Talk to someone who understands what’s going on inside your head (and heart). If none of these strategies help to ease your stress levels sufficiently for you to focus again, some additional support might be needed. There is sure to be another person or people in your life who understand the problems of a remote worker. Whether it’s talking through issues with friends over lunch, or calling family members back home every night before bedtime − having someone else listen while we process our feelings helps us get through hard times much more quickly than going it alone ever could!

Make sure that you also have time for things that don’t work

It’s important to remember that you don’t have to work all the time. You can take breaks, and your boss won’t think any the less of you if you say no to extra work. It’s also okay to say no if someone asks to come over and hang out with you − you’re not obligated to entertain anyone who comes by your desk. And when it comes time for a vacation or a day off, make sure your company knows what you are planning, so that there is enough coverage in your absence.

If you feel as though your productivity is dropping, reach out to someone for help

Sometimes you just need to talk to someone. You can reach out to anyone you trust for advice or insight into how to stay productive in a remote office. If your problem is that you don’t know where to start, having someone point you in the right direction will be invaluable.

If you’re feeling overwhelmed by your workload and not sure who else could help ease the pressure, reach out to your mentor or boss (if applicable). If both of these people are unavailable, try talking with a coworker. You might not even realize how much wisdom is out there until someone offers it!

How to stay productive in a remote office

In order to stay productive when working remotely, you need to create a dedicated workspace. This should be free of clutter and distractions, and allow sufficient room for you to lay out your work materials in an organized fashion. It’s also important to make sure that the space is comfortable and conducive to productivity; if you’re feeling uncomfortable or unsafe in any way, this will have negative consequences on your ability to concentrate on the task at hand.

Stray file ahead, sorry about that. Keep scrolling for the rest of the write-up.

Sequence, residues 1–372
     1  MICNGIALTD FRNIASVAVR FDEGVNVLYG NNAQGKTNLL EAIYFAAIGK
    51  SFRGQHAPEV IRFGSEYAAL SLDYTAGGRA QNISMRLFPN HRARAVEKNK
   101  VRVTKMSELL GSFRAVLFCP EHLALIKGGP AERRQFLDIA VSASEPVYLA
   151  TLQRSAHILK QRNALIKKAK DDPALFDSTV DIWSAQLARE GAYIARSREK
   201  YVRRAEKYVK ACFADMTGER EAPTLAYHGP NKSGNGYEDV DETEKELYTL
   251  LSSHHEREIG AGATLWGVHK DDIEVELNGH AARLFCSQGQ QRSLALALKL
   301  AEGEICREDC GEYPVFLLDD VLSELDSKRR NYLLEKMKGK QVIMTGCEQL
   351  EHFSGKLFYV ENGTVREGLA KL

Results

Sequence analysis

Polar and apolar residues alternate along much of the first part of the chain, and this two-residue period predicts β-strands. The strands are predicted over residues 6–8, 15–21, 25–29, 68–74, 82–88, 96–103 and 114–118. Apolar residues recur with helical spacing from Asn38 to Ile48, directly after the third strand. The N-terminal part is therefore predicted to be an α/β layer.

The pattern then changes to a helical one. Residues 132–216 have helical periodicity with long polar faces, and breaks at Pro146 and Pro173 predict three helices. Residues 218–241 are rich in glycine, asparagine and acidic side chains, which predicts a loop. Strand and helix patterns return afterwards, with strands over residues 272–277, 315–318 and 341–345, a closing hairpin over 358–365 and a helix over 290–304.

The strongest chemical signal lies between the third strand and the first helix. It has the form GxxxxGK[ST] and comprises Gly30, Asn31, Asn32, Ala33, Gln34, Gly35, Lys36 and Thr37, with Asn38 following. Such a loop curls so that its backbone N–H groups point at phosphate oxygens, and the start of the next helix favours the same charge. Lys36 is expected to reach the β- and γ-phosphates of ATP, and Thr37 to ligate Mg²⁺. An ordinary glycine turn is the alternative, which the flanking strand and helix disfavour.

Make sure that you develop a routine for yourself, so that each day has an established start time and end time, with breaks in between (if possible). You’ll find it much easier to keep track of tasks if they’re broken down into smaller chunks, rather than having one long list of tasks to be done right now. Having clear prompts at regular intervals throughout the day helps ensure that nothing slips through the cracks.

When it comes time for meetings or calls with coworkers or clients, use apps such as Skype so they can see what’s going on while still being able to see themselves from multiple angles (such as from above). This makes it easier for everyone involved. There will not be any delays caused by buffering issues—and because most people tend not to want others looking over their shoulder while working on something important!

It’s okay if some days aren’t great days…but don’t let those days derail progress! Just remember: every day counts towards success!

Working remotely is difficult but it can be done with the help of technology and a planned routine

Working from home can be a challenge. Without coworkers, you may feel isolated and alone. The temptation to procrastinate is real—but don’t fret! There are ways of staying productive in your remote office, even if you have no one else around to hang out with.

First, use technology to stay connected with your coworkers and friends. You can use video chat apps like Skype or Zoom when you’re on the same floor as them but just can’t get away from your desk. You might need some quick advice on something related to work (but not necessarily urgent). You can also make sure that two-way communication between all your colleagues is open at all times by using an app like Slack. This is basically a message board for everyone in the company, making it easy for anyone to use who has questions about their projects or wants some feedback.

Second, create a routine for yourself so that staying productive doesn’t seem like such an uphill battle! For example, every day before your 9 p.m. bedtime, you could take 10 minutes off from checking emails or working on your laptop. Try going for a walk around the block using headphones (while listening to music). This could feel more like ‘me time’ instead of work time (and thus easier).

Thirdly, keep track of how many hours each day have gone by since the last check-in; since then when it reaches 15+ hours without interruption this is just not healthy.


I hope these tips will help you stay productive in your remote office. As always, if you have any questions or comments, feel free to reach out!